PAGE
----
Why you NEED to do squats during pregnancy + after birth
Why do I have you perform this exercise so frequently with you?
Well, it’s for the health of your pelvic floor.
You probably weren’t expecting that to be my answer, were you?!
Apologies if you’re eating right now… Maybe pop that food down, ok?
I don’t actually prescribe Kegels very often to my pre/postnatal clients, and haven’t done for 3+ years.
Rarely, if ever get you doing one in a classroom environment, mainly because it’s difficult for me to tell from the outside, if you’re doing them from the inside.
If/when I do, it’s likely to be in conjunction with a Women’s Health Physio here in Nottingham, who’s working with the same client as me, 1-2-1.
What are Kegels?
They’re those isolated ‘squeeze and release’, ‘draw up and hold’ exercises that work the pelvic floor muscles.
I want to strengthen your pelvic floor – no question…but, to enable you to gain strength in your vag muscles (and every other muscle in your human body, by the way), you need to gain length/flexibility in it first.
You can’t get strength without first getting length – it’s the basic anatomy muscle model.
Let’s do a little bit of anatomy here so you understand a little more about the muscles that support you (your bump, your pelvic and digestive organs, and a heck of a lot more…).
The pelvic floor muscles run from your pubic bone at the front of your pelvis, then go underneath you, and attach onto the sacrum at the back of your pelvis.
The sacrum is that flat, diamond-shaped bone at the back of your pelvis, where the spine and pelvis meet one another.
It’s kind of just above your butt crack. Ok?
I expect you’re totally feeling around at your builder’s bum now, aren’t you? (in Oz, we call it plumber’s crack – I still prefer that description).
The modern day pregnant and postnatal woman is pretty jacked up in the pelvic department, if I’m honest.
Well, if you’ve spent the vast majority of your life at work, rest and play sitting down – and let’s face it, most modern day humans have…
…the space between your pubic bone and your sacrum has potentially been reduced, and the pelvic floor muscles have been tighter/shorter (this is known as ‘passive shortening’).
Now, correct me if I’m wrong here, but when you sit on a chair, you slump back into it and sit on your tailbone/sacrum, right?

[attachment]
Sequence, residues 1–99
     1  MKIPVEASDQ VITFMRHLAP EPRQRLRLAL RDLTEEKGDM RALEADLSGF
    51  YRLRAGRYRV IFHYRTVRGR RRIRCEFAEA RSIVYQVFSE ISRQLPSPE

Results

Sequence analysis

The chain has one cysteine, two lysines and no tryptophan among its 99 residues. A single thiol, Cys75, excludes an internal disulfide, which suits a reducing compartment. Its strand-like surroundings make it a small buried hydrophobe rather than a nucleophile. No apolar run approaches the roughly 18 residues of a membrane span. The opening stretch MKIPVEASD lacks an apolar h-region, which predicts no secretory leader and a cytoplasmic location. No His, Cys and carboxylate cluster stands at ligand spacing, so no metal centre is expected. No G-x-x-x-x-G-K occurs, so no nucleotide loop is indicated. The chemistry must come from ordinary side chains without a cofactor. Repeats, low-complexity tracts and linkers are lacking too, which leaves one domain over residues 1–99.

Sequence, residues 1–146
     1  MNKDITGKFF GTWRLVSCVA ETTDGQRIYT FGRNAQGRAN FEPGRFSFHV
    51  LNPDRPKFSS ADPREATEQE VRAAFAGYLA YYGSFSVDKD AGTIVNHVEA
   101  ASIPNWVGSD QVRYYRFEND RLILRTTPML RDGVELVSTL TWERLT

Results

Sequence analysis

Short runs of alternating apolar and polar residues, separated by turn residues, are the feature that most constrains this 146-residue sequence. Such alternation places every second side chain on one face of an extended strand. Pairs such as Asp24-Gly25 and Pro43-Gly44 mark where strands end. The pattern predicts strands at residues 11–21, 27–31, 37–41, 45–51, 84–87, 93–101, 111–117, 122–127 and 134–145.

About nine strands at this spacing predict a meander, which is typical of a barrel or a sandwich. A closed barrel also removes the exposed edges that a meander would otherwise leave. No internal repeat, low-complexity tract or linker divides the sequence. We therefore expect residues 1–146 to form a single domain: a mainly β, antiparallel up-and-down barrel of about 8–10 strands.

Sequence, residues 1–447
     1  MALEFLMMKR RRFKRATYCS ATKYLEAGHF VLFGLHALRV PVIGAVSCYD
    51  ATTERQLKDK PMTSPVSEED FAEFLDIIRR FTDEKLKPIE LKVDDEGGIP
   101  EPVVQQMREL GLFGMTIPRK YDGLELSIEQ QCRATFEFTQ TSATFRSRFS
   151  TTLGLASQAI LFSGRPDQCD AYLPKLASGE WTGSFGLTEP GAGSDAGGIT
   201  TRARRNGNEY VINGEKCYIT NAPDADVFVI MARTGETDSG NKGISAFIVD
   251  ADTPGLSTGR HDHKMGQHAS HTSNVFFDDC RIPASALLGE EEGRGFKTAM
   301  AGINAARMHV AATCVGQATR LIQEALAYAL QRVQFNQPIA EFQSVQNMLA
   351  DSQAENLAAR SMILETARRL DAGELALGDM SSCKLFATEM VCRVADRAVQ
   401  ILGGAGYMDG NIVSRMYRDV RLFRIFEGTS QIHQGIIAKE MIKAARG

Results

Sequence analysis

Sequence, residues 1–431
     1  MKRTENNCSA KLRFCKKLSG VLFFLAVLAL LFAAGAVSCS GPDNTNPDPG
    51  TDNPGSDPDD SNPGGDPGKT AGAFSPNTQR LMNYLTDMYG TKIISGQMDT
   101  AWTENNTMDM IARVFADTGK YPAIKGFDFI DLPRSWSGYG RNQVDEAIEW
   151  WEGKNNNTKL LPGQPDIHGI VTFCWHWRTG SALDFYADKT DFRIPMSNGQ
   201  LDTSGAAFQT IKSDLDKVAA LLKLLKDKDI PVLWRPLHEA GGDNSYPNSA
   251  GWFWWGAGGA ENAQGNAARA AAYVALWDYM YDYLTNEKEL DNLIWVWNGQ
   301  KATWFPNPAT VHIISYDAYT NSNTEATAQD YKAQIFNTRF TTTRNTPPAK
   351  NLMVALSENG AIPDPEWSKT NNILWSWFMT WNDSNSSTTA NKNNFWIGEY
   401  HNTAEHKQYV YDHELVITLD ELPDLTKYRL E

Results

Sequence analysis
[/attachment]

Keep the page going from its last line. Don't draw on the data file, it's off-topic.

You might not be now because you’re feeling guilty…and me mentioning that actually made you sit better.
If you think about where baby comes out (through your vag….)
….ideally, you’ll want enough space for baby to make their way out naturally and safely, causing as little ruckus to your privates as possible.
That should be your pregnant pelvis’ personal mission statement right there. Tee hee.
So, if you think back to where the pelvic floor muscles are located again (pubic bone to sacrum), it might surprise you to note that yes, it IS actually physically possible to INCREASE the space in your pelvic floor/the pelvic outlet to accommodate a 6lb-10lb baby (or two) coming out.
…doing as little damage as poss…
There’s that pelvic mission statement again.
Ok, so, so far we’ve learnt that the pelvic floor attaches to the sacrum…and so do your butt cheek muscles too.
- Feet hip distance apart (or a little wider if you’re in your third trimester)
- Outside edges of the feet straight
- Knees stacked on ankles
- Tailbone lifted
- Ribs down towards the pelvis
- Chin and shoulders down
You should feel the glutes working and the hamstrings lengthening.
Don’t worry if you don’t ‘feel’ your butt doing much work the first few times you perform a squat – keep moving the knees back over the ankles so your shins are vertical, and poke your bum out.
Sometimes, those butt cheeks have been neglected so much that they switch themselves off…for decades.
And, when you do a squat perfectly, your glutes fire up and pull on the sacrum just enough to create space, between your pubic bone and sacrum.
If you’re doing a squat with your knees forwards, and tailbone tucked under, I can’t help you or your pelvic floor, I’m afraid.
Does all of this relate to exercise Buy Diazepam Generic Valium too? Most definitely yes.
If you’ve had your baby recently, and you have pelvic floor weakness, I can help.
I’d suggest starting off with my Buy Valium Mastercard Online pelvic floor exercises classes, where you can learn a whole host about what pregnancy has done to your body, strategies for reducing neck/shoulder/back/pelvic pain…and I honestly take really good care of you whilst you’re under my instruction.
And, if you’d prefer to do a class during the day time with baby in tow, then come along to Buy Diazepam 10Mg Uk for a safe exercise workout (which has a lot of squats in it!).
It’s a place where you can have fun, get fit, make friends and bring baby.
You’ll also be taught about lifting and caring for your newborn, with as little back/neck/shoulder/hip pain as possible.
And, if you’re pregnant and want to increase the space available in your pelvis to be able to deliver your baby naturally with as little intervention as possible, then come along to Bump to Babe pregnancy fitness cla or ssesBuy Cheap Valium From India in Lady Bay/West Bridgford, Nottingham.
You’ll want to stay as fit and toned as possible, to enable you to withstand the demands of pregnancy, motherhood and beyond!